This plant powder can also be mixed with distilled water and applied immediately to condition the hair. For better conditioning results, dye release the cassia first.

Cassia (Auriculata)

Clarity Cassia on white hair

Cassia auriculata is a desert plant, though similar to Cassia obovata, is a separate crop. This particular plant powder does not stain the hair as well as cassia obovata. Most people will not get any coloring, even on pale hair. It is okay to substitute cassia auriculata in your henna/indigo mixes for cassia obovata.

Cassia auriculata can help enhance natural curls and conditioning the hair.

Indigo (Indigofera Tinctoria)

The indigo powder used for dyeing hair is partially fermented and dried; this is vashma or bashma indigo.

On its own, the dye molecule in indigo oxidizes from yellow to green, then blue. Indigo and henna together achieve brunette colors. When used in a two-step process—dyeing the hair first with just henna, then again with just indigo—the result will be jet black.

Indigo alone will dye light hair to a green shade that will oxidize to blue-green or blue-violet hues before fading. Dyeing with indigo alone is possible. Indigo by itself can make hair a blue color (similar to jeans). While it will not condition hair like henna or cassia, it can improve shine.

Vashma indigo goes under a natural fermentation in an alkaline medium to release the dye before it is dried and powdered. This makes it ready to use. Add distilled water, not an acidic liquid to make the paste, right before use. Indigo paste will begin to lose its dye strength in as little as twenty minutes exposed to the air. It is important to mix the indigo only when it is time to apply the paste.

Before preparing to add indigo into a mix, make sure that the henna/cassia/acid mix has dye-released. When you are ready, mix the indigo powder with distilled water, stir it into the dye-released paste, and apply immediately.

The Acid

Acid powders are an important bare essentials! Powdered acids derived from fruits are a great alternative to using fruit juice. They have a long shelf life, so they are easy to keep on hand. Just mix with distilled water! Find them at www.mehandi.com.

Henna and cassia need an acidic component and given time to dye-release. Fruit juices such as apple, cranberry, and orange do the job perfectly well and are widely available. You can also mix a fruit acid powder into the henna, and then stir in distilled water. Ancient Sunrise® carries a variety of fruit acid powders to suit all hair textures and color needs.

Lemon juice can be harsh and drying, and the result is a color that is initially bright and brassy, which oxidizes to a deeper, darker color over time. Apple cider vinegar has a similar effect. To avoid irritation and an overly acidic mix, dilute these acids with distilled water, or consider using something else.

Fresh apple juice is gentle on the hair and skin, and contains enzymes that accelerate the dye-release process. Henna mixed with apple juice will be ready within 4-6 hours when left at room temperature.

The acidic component may affect the tone of the henna. Some bring out brighter tones, while others add ash tones, or deepen the overall color by a few shades.

Do Not Use:

Wine, coffee, yogurt, egg, oils, coconut milk, or essential oils. These do nothing to help the color. They will make your mix smell and may prevent the dye from binding. In some cases they will cause a headache while the paste is on your head.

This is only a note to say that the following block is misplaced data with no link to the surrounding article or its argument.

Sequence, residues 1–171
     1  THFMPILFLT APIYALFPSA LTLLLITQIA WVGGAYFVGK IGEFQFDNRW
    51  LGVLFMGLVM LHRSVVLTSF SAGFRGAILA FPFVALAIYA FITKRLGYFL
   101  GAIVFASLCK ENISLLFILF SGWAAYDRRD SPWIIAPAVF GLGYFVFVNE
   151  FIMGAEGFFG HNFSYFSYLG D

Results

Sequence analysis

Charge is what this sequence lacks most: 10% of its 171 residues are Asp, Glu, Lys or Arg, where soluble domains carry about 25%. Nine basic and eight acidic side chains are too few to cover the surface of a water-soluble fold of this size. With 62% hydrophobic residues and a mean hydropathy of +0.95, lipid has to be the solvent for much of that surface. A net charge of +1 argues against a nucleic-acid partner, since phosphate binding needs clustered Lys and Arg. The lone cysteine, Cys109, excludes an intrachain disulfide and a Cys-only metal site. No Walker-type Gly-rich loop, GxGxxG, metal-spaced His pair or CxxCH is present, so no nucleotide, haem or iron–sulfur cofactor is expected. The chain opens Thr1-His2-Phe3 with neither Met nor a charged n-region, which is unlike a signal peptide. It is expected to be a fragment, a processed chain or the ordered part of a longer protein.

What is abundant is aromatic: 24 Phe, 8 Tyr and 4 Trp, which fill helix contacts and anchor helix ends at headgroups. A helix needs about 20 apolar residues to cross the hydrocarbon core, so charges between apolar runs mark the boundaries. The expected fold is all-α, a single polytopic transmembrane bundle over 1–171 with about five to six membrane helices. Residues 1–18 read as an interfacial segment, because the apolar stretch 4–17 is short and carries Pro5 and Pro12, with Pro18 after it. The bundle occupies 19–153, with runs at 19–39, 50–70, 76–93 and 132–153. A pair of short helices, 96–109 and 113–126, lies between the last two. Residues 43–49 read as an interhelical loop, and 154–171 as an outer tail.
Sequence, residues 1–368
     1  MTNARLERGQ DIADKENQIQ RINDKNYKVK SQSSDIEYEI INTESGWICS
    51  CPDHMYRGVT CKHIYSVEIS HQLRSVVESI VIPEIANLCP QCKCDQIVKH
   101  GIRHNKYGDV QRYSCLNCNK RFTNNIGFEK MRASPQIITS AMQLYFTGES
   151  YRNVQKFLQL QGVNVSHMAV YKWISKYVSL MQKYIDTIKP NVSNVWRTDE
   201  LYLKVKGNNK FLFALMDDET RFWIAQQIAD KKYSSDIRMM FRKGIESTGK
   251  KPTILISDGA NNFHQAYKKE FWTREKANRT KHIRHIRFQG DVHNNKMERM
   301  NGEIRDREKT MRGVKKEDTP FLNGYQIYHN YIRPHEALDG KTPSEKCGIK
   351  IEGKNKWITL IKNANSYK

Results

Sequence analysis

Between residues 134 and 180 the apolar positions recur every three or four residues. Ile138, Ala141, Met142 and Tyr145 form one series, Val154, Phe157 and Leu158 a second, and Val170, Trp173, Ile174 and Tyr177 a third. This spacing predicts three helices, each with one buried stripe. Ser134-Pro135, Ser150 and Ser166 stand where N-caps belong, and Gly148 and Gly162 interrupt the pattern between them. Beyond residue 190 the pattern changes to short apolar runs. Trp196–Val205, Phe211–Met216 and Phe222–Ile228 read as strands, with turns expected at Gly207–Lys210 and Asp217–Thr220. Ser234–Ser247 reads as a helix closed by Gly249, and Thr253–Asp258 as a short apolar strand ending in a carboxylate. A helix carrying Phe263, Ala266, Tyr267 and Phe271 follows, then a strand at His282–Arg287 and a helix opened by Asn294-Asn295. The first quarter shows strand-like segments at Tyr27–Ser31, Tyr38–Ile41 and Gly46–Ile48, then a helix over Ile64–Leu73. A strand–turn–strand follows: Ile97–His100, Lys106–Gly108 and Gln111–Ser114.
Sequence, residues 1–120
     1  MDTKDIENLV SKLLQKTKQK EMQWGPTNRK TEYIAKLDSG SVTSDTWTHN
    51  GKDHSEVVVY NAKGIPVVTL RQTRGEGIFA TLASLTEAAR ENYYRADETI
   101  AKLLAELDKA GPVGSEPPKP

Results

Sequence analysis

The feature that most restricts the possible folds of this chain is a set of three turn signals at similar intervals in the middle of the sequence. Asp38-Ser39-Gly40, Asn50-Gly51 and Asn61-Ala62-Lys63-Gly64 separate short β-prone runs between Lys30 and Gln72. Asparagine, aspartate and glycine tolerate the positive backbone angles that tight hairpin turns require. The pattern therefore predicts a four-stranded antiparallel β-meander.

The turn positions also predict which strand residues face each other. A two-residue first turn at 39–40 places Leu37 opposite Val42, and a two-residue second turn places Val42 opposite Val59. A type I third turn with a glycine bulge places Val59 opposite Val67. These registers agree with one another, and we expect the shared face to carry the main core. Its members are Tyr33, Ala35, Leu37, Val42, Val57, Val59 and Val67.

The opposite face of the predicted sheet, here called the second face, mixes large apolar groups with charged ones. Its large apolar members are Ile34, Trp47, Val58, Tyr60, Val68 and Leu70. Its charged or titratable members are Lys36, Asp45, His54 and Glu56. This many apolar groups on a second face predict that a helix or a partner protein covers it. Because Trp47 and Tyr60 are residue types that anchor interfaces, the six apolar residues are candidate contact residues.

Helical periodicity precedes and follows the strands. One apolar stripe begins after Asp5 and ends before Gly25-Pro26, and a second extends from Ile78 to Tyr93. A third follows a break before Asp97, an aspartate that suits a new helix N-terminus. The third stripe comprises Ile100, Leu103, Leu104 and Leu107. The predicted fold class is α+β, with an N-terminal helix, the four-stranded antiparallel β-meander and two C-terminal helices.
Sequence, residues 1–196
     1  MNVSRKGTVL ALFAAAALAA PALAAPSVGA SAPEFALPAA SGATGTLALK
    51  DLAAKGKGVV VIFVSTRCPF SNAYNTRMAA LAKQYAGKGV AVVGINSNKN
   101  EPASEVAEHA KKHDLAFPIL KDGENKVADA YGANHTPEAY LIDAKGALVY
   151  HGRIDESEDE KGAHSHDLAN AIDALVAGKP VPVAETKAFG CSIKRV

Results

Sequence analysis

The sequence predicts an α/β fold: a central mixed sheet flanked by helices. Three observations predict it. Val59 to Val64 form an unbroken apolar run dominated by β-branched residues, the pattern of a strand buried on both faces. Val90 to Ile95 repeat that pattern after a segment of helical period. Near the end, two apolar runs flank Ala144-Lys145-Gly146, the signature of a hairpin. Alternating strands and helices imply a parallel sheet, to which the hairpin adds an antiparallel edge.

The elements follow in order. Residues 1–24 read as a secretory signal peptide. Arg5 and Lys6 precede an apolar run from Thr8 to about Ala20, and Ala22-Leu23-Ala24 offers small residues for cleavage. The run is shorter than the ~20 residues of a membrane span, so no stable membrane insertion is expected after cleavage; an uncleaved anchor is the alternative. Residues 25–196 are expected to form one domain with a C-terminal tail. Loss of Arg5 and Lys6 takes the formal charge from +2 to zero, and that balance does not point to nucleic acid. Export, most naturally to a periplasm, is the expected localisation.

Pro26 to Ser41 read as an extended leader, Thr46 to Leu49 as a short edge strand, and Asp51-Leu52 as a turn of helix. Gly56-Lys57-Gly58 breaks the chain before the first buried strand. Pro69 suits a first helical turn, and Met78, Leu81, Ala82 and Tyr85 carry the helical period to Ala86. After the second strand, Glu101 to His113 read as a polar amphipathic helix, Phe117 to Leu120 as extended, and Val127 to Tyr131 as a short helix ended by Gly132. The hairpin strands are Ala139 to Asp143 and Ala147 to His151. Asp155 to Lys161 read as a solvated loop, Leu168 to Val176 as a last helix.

Tea might smell nice, but on its own is not acidic enough for dye-release.

Brightly colored plants, such as berries, beets, red cabbage, and hibiscus do not contain dyes that bind to the hair. Adding them in for hopes of a more purplish tone will be pointless.

Putting the Bare Essentials Together

Once you have determined your plant powder ratios, mix your henna and/or cassia together with an acidic component. If you are using an acidic powder, blend all of your dry ingredients first, and then add the distilled water. Pour the liquid in slowly while stirring, until the paste has the thick, smooth texture of creamy mashed potatoes. It should not be runny, but slowly drop off the spoon in a dollop. Cover this with plastic and leave it at room temperature for 8-12 hours.

When dye-release has occurred, the surface of the paste will be darker than the paste underneath, like a bowl of fresh guacamole after a day. You may see orange or red liquid collecting at the top. Dip a finger in the paste, or drop a small amount of the palm of your hand. The skin should show a bright orange stain when washed off after a minute. Note: if your mix is predominantly cassia, these signs may not be noticeable.

If you are not using indigo, you are now ready to apply your henna.

If You Are Mixing Henna and Indigo for Brunette Results:

After your first paste has dye-released, mix the indigo with distilled water only, until it is a similar consistency. Stir the two pastes together well, and apply.

If You are Doing a Two-step Process to Achieve Jet Black Hair:

Apply your henna for the required amount of time, rinse, apply freshly mixed indigo to clean hair within 48 hours. Do not mix the indigo until you are ready to apply it.

For tips on application, click here.

Recap of the Bare Essentials

henna and indigo mixes on hair

The basis to a successful mix has only two components: plant dye powders, and the acid. Sticking to a simple mix will ensure the best results. Applying to clean, clarified hair and leaving the paste in for three hours will result in the best coverage. If desired, mixes without indigo can be left on for several hours. After rinsing, the color will take up to a week to oxidize. It starts brighter then deepens down into its final color.

If you are unsure about your mix, it is best to test first. Adjust your mix based on the results after oxidation. If you need help, feel free to contact Customer Service for advice!

For more information, feel free to consult the Ancient Sunrise® Henna for Hair E-book.

Author: Rebecca Chou
Edited: 2022 by Maria Moore